MCA Semester-II                                                                    T        P
                                                                                   4        0

UNIT I- Introduction to Management: Concepts of Management and organization – nature, importance
and functions and theories of management, systems approach to management, leadership styles, social
responsibilities of management.

UNIT II- Introduction to Organization: Designing Organizational structures: Basic concepts related to
Organization – Departmentation and Decentralization, types and evaluation of mechanistic and structures
of organization and suitability.

UNIT III- Decision Process Approach: Parts of organization system, development of corporate strategy,
dynamics of decision, role of system. Types models: mathematical planning models, deterministic and
probabilistic models.

UNIT IV- Personnel Management: Evolution, objectives, personnel policies. Personnel management vs
HRM, position of the personnel department in the organization, Role of personnel manager as line
manager and staff manager.

UNIT V- Man Power Planning: Need-strategies and limitations, manpower inventory, manpower
forecasting, job description, recruitment, job specification and selection, interviewing techniques,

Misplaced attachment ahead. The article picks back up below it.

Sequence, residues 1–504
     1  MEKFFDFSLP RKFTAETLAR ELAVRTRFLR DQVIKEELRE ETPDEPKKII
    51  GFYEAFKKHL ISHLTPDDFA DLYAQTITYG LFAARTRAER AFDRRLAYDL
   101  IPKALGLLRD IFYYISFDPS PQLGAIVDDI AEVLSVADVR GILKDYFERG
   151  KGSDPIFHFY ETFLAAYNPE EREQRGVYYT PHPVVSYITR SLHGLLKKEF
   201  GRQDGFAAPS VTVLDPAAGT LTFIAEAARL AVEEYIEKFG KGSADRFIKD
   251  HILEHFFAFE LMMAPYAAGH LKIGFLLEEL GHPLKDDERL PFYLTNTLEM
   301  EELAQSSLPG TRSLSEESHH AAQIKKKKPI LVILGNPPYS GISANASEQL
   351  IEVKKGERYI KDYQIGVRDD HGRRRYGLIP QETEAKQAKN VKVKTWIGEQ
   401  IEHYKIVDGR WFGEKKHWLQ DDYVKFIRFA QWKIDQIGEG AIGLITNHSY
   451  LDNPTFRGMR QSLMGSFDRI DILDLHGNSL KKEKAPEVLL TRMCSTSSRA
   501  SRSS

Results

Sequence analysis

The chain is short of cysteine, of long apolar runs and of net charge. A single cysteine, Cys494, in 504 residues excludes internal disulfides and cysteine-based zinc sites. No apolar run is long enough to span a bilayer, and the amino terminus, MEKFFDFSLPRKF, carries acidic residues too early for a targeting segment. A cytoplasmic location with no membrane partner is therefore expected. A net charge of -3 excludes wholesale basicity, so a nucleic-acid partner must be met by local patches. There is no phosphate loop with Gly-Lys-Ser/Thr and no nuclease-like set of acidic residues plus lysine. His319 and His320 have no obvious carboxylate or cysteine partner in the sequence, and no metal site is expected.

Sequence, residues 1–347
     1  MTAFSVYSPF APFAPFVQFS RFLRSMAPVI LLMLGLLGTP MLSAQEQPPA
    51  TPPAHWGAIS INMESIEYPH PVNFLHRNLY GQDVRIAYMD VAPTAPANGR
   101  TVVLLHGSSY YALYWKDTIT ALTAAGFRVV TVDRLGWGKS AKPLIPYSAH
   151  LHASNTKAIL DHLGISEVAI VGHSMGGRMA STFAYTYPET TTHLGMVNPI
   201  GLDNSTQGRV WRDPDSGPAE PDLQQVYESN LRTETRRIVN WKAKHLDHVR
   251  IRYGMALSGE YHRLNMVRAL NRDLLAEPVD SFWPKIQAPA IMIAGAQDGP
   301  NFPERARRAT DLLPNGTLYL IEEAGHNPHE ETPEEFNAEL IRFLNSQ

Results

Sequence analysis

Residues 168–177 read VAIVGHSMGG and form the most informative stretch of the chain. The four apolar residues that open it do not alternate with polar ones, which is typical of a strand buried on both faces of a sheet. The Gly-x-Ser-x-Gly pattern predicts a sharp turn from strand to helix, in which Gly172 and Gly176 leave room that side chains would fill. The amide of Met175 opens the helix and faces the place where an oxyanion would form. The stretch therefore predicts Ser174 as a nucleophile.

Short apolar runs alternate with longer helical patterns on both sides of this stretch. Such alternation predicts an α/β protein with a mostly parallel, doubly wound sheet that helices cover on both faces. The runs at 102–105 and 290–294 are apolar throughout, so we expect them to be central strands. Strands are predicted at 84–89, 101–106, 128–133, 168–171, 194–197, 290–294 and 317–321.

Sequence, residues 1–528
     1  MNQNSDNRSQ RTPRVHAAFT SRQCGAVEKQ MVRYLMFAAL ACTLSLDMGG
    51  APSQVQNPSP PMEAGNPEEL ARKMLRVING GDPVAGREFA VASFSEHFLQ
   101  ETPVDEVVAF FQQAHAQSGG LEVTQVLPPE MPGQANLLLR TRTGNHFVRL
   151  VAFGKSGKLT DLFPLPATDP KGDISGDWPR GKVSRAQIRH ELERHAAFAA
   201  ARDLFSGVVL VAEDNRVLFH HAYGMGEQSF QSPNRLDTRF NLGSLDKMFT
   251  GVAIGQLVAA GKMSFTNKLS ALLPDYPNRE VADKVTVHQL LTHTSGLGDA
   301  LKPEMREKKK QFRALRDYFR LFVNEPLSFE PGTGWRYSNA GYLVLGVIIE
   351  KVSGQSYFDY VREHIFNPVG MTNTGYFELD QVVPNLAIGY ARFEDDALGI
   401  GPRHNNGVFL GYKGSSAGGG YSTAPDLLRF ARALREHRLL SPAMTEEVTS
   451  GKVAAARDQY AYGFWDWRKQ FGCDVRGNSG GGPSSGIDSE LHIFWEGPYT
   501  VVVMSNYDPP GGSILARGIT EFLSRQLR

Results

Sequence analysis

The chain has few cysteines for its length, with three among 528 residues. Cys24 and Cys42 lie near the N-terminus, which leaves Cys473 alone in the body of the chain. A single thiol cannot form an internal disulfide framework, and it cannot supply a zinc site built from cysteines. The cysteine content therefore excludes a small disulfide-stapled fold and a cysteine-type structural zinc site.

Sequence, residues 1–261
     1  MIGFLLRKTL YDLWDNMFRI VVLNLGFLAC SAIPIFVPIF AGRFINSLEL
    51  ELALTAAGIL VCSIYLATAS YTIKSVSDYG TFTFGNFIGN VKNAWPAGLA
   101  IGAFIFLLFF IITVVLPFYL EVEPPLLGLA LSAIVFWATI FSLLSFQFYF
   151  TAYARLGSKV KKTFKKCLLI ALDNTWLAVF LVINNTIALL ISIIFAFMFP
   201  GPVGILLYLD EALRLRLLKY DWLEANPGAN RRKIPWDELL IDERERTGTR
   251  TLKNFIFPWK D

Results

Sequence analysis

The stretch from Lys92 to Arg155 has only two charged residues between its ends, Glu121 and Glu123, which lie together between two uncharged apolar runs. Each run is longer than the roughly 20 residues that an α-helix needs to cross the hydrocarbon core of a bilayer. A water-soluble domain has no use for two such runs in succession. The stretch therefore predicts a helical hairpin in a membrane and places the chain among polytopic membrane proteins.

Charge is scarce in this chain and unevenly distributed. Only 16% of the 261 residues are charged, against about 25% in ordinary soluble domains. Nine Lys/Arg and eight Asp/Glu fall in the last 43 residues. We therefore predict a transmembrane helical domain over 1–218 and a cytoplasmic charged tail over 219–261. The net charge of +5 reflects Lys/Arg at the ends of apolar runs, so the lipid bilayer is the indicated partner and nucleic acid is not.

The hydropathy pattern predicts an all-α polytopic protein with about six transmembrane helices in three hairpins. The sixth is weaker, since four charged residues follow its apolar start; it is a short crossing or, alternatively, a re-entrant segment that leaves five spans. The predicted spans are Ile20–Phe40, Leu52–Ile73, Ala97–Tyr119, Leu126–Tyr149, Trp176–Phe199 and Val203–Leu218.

transfers and promotion policies.

UNIT VI- Training and Development: Objectives and policies planning, organizing the training
department, training manager and his job, on and off the job training techniques, career planning,
objectives of performance appraisal.

UNIT VII- Understanding Human Behavior: Personality – Johari Window – Transactional Analysis.
Perception: Perceptual process, Development of Attitudes and Values, Understanding Group Dynamics,
Team Effectiveness, Strategies to deal with conflicts and stress.

UNIT VIII- Contemporary Strategies: Total Quality Management (TQM), six sigma, people capability
maturity model (PCMM) levels, performance management, business process outsourcing (BPO), business
process re-engineering, bench marking and balanced score card.

Text Books:
    1.   Organisational Behaviour, Robbins:Pearson,2008.
    2.   Management and Organizational Behavior, P.Subbarao HPH, 2009.
    1. Industrial Business Management, Martand T Telsang, S.Chand.
    2. Human resources Management, Dr L.M.Prasad, S.Chand.
    3. Dynamic personnel Administration, Rudrabasavaraj MN, Himalaya.
    4. Personnel Management, Mamoria & Gankar, HPH, 2009.
    5. Essentials of Management, Koontz & Weihrich, TMH, 2009.
    6. Understanding Organisational Behaviour, Udai Pareek, P.H.I,2009.


MCA Semester-II                                                                       T       P
                                                                                      4       0
                                       OPERATIONS RESEARCH

UNIT I- Introduction to Operations Research: Basics definition, scope, objectives, phases, models and
limitations of Operations Research, Linear Programming Problem – Formulation of LPP, Graphical
solution of LPP, Simplex Method, Artificial variables, big-M method, two-phase method, degeneracy and
unbound solutions.

UNIT II- Revised simplex method- Formulation of LP Problems , Computational Procedure, Dualality
in LP-Introduction, Comparison of solutions of the dual and its primal, Dual simple method.

UNIT III- Transportation Problem- Formulation, solution, unbalanced Transportation problem. Finding